6/10: Predator and Prey – On the Way to Denali



Everyone back on the bus, we moved out and soon came upon more caribou:









Kirsty stopped the bus and pointed up on the hill – how did she spot this guy?  It was a Cross Fox, meaning it is a mix of red and black.  He’s an evil looking little guy:







We soon saw what he was going after – they were too quick to get a good shot, but you can barely see the little arctic ground squirrel running for his life …



This was even better than seeing a bear!  Kirsty and everyone in the bus kept a look out for more wildlife, and I enjoyed the views:



There was barely room for two busses to pass, so the drivers have to know what they are doing:



We passed a lone hiker walking along the ridge – you are allowed to hike through parts of Denali, but there are no trails in most of the park.



We saw our cross fox once again – not looking happy at having missed dinner:



Dinner was keeping a diligent lookout for Mr. Fox:







We stopped every 90 minutes or so for a restroom break.  The next stop was at the Eielson Visitor’s Center.  There wasn’t much time for more than a quick look around, so we definitely have to go back.


There was a display describing the peaks of Mt. McKinley; we couldn’t even see the tops of the mountains below Mt. McKinley, let alone distinguish the various peaks:




Mt. McKinley is also called “Denali,” meaning The Great One, or The High One.  It is the highest mountain peak in North America with a summit elevation of 20,237 feet above sea level.  It also stands out because the base to peak rise is considered the largest of any mountain entirely above sea level (source: Wikipedia).  It sure would be nice to see this majestic mountain; but we knew only a third of Denali National Park visitor’s are lucky enough to see the peak.  We weren’t in the lucky third today!



Lou found some delicate flowers, and almost froze walking around taking photos – no jacket as usual.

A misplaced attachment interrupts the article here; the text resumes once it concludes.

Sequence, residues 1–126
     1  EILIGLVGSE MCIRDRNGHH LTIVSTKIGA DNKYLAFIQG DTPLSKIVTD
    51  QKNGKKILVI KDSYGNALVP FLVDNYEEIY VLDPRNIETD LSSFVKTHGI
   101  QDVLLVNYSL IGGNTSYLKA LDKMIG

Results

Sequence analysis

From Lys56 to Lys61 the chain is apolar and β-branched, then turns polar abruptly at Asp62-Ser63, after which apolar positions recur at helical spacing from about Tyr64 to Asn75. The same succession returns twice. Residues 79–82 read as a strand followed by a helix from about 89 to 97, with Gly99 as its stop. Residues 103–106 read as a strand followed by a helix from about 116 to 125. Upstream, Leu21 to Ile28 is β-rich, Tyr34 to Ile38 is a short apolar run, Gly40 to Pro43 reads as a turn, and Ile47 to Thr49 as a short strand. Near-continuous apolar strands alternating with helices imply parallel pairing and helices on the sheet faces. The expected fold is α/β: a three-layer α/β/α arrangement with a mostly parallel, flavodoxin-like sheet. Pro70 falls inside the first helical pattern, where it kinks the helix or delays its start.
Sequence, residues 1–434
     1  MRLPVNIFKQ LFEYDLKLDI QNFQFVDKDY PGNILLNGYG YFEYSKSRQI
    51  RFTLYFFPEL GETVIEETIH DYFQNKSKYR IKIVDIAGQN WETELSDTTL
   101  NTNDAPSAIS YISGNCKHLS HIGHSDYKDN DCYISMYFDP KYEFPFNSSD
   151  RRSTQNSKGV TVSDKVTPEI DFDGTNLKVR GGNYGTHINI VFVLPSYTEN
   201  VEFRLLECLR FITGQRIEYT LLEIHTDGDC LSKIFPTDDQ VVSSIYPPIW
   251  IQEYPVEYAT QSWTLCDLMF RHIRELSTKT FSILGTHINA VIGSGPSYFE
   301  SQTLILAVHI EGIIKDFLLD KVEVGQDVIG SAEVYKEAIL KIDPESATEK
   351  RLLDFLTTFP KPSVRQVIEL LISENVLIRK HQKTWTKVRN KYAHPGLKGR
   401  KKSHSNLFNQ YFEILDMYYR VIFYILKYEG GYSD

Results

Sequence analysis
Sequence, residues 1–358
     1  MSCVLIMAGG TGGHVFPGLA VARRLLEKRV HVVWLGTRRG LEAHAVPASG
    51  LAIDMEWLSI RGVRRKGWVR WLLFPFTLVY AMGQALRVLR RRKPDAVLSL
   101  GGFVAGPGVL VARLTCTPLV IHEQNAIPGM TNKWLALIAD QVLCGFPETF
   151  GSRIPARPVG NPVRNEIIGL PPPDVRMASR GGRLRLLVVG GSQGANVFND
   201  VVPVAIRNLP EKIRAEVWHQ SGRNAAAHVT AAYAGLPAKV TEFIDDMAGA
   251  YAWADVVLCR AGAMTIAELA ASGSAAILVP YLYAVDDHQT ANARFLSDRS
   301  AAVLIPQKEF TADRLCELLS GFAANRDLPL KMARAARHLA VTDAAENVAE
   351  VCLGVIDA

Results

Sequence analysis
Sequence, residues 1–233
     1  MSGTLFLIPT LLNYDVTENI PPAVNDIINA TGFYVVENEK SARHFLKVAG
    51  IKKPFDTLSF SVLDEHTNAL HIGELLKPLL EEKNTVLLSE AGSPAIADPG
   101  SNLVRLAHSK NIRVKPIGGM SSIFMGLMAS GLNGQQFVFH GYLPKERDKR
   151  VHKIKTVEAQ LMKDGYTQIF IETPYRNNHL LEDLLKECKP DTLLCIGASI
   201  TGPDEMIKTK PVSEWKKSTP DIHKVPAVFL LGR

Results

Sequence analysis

Kirsty had chocolate chip cookies and fruit for us after our Eielson stop.  We did have one other stop before Kantishna, but the few photos we took seem to be missing – probably on the same memory card as the Giant Grizzly and cubs (note – we didn’t see a single bear or moose on the drive into the park). We saw a number of small ponds near the road as we continued towards Kantishna, and the water fowl didn’t seem to mind the cold:

And, it was still cold – there was ice on the lakes.  The road into Denali had just opened the previous week, so we were very early in the season.



Wildlife sightings on the rest of the drive were limited to caribou, some birds too far away to identify, and a small weasel.  The terrain leveled out as we approached Kantishna:



We passed the North Face Lodge; Lou stayed here on his Photography Tour in 2008 (I had to cancel due to work commitments – fortunately not a problem now!).  This would have been his choice for our trip, but it is impossible to get into if you don’t reserve over a year in advance.



We had a quick view of Wonder Lake as we kept driving to our destination:



We pulled into the Kantishna Roadhouse at 7:45 pm – about 6 1/2 hours after leaving the train depot.  I enjoyed every minute of the bus ride (it’s a long time on a bus for Lou, but he enjoyed it too).  We may not have seen all of the big animals, and the weather was inclement, but it is impossible to describe the feeling you get looking out into the expanse of Denali National Park. Kirsty was such a great driver and guide, we felt fortunate to enjoy the ride with her and Charley.




Now that we had arrived, we had just a short time to wash up for dinner.  Our cabin was good – spacious and clean.  Dinner was ok; food is served family style and you’re assigned a table for dinner.  Breakfast and lunch are served buffet style.




We were ready to hit the sack after our long travel day, so that’s what we did. More adventures coming up tomorrow.

Categories: Alaska, Land Tour, Week 4

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